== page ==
Policing Project examines Minneapolis’s alternatives to traditional first response

Minneapolis skyline

Since the murder of George Floyd by Minneapolis police in 2020, municipalities around the country have been reexamining the efficacy of their policing strategies. Late last year, the Minneapolis City Council called upon NYU Law's Policing Project—and specifically its Reimagining Public Safety Initiative—to help evaluate the city’s emergency response alternatives to traditional policing, awarding it a $1 million, two-year contract. As part of the Reimagining Public Safety initiative, a project dedicated to ending an overreliance on police, researchers, data analysts, and attorneys at the Policing Project are now working to pinpoint deficiencies in the city’s public safety system and identify new solutions.

Barry Friedman
Barry Friedman

The Reimagining Public Safety initiative had its beginning in “Disaggregating the Policing Function,” a research paper published by Professor Barry Friedman in the University of Pennsylvania Law Review in March 2021. “We need to reimagine the ‘public safety function’ from the ground up,” wrote Friedman, founding director of the Policing Project. “Society has specialized, but still relies on one-size-fits-all responders.” In Fall 2022, the Policing Project officially launched its Reimagining Public Safety initiative, which partners with communities to better understand their needs and then design new public safety systems.

In Minneapolis, the Policing Project’s work will support the Minneapolis Mayor’s Office and its Office of Performance Management and Innovation. In 2023  Minneapolis city leaders released the Safe and Thriving Communities report, which focuses on reworking the city’s current preventative, responsive, and restorative services. Now the Policing Project team is looking at Minneapolis’s existing alternative response programs and putting together a gap analysis, explains Alexander Heaton, the Policing Project’s Director of Reimagining Public Safety. 

One program being studied is Minneapolis’s behavioral crisis health response, which dispatches health professionals to mental health crises instead of police officers. Researchers, data analysts, and attorneys at the Policing Project will assess how many Minneapolitans have interacted with existing programs, as well as the times and neighborhoods where most calls for service originate. With this information, the team will produce a report advising the city on how to best expand its alternative response programs and maximize their effectiveness.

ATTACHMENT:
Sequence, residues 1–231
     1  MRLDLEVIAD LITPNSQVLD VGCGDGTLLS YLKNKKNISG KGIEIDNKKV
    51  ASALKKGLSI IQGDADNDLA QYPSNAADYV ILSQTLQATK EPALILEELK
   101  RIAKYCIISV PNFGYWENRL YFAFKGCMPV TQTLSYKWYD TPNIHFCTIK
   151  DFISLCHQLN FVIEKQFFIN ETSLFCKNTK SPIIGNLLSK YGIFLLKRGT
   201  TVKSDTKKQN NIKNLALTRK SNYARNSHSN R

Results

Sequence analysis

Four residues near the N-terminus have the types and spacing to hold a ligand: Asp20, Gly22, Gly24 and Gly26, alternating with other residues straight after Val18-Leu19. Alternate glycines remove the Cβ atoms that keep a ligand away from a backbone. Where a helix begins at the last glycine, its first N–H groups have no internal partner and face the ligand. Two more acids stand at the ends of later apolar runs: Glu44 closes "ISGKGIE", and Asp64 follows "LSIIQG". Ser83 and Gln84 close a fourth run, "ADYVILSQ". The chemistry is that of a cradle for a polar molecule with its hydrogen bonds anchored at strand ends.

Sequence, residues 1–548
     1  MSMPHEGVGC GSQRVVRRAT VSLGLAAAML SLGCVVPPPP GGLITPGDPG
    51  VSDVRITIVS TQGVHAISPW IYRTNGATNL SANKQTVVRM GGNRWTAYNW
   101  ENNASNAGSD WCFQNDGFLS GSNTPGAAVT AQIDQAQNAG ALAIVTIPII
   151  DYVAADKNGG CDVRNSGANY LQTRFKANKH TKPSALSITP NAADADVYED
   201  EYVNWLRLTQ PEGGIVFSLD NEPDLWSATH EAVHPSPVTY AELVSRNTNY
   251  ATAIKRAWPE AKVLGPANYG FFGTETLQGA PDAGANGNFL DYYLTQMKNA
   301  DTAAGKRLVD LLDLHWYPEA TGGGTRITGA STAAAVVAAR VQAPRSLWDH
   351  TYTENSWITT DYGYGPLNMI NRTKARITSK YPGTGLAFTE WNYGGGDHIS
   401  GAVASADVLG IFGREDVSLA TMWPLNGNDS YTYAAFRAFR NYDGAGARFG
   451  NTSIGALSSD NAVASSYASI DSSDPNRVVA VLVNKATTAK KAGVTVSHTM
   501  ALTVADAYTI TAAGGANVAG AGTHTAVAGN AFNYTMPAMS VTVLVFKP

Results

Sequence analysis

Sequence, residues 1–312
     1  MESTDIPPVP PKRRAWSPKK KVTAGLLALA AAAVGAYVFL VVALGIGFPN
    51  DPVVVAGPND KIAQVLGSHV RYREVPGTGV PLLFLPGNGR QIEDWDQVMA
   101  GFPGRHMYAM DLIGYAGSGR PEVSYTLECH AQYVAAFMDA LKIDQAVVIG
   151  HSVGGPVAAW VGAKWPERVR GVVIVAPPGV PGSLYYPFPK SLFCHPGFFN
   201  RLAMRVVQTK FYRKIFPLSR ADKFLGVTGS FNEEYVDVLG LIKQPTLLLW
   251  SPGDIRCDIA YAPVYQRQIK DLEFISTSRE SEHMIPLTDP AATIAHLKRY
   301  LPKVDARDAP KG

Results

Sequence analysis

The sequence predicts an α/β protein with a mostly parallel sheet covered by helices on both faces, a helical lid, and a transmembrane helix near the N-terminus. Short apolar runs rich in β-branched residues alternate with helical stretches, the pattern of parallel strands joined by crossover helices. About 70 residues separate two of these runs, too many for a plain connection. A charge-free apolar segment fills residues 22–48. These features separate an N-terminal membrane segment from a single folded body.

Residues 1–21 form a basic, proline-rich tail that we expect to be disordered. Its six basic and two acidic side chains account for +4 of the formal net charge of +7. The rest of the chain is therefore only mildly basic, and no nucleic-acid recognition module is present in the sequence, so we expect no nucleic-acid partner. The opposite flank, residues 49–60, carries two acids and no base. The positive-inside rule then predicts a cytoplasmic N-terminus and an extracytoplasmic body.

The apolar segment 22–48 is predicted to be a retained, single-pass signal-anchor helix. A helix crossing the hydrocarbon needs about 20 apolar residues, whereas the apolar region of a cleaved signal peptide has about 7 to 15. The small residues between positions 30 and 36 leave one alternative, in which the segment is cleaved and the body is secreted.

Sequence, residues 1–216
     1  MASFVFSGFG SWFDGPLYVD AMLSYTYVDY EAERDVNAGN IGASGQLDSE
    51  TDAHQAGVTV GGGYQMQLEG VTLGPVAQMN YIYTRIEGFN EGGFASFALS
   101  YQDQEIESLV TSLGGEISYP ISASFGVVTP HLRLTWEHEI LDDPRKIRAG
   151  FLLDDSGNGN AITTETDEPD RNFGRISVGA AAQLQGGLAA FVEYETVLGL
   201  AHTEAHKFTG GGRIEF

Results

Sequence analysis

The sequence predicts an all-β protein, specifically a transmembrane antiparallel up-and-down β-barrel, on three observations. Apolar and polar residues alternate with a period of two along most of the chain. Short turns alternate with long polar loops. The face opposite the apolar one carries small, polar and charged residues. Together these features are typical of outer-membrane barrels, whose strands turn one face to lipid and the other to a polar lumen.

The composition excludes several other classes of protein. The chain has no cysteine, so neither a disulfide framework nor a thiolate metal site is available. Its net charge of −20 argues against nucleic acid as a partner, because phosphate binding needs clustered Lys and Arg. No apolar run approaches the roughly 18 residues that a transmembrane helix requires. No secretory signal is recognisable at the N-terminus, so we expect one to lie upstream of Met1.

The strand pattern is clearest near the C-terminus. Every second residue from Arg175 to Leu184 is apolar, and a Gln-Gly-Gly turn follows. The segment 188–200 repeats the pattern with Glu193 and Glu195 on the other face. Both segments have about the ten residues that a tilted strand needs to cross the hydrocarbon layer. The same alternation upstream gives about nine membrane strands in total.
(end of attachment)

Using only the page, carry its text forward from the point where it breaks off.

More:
“What [NYU researchers] are saying is, ‘Here are all the services, here’s where they fit in these categories. Now, are they working?’” Office of Community Safety Commissioner Todd Barnette told MinnPost. “They have the experience in this area to push us forward.” 

As the site of George Floyd’s murder in May 2020, “Minneapolis was the epicenter of the most recent calls for reimagining public safety,” Heaton says. “I think it’s important to address the concerns in the place that a lot of the larger [Black Lives Matter] movement grew out of.” 

But Minneapolis isn’t the only US city that is exploring new approaches to policing, Heaton notes. “And so what we are excited about doing is building out the alternative response system in Minneapolis, and then taking it and testing it in other places around the country, once we show that it works,” he says. “Can we show and validate that these programs are working in the way that municipalities hope? Then we can take it on the road and get other cities this care as well.”

Through the Reimagining Public Safety initiative, the Policing Project is researching non-police first response in additional US cities, including Denver, Colorado, and Tucson, Arizona. The Denver report included an in-depth look at the city’s Support Team Assisted Response (STAR) program and recommendations to increase its efficiency. Recommendations in the Tucson report centered on expanding “scaling real-time 911 alternative response options that include non-police professionals, formalizing a structure for communication, coordination, and capacity across an array of response and service actors, and enhancing external and internal awareness and confidence through more robust engagement, transparency, and information-sharing.” 

The organization’s public safety findings and alternative first response guidance for San Francisco will be published this summer.    

Posted May 31, 2024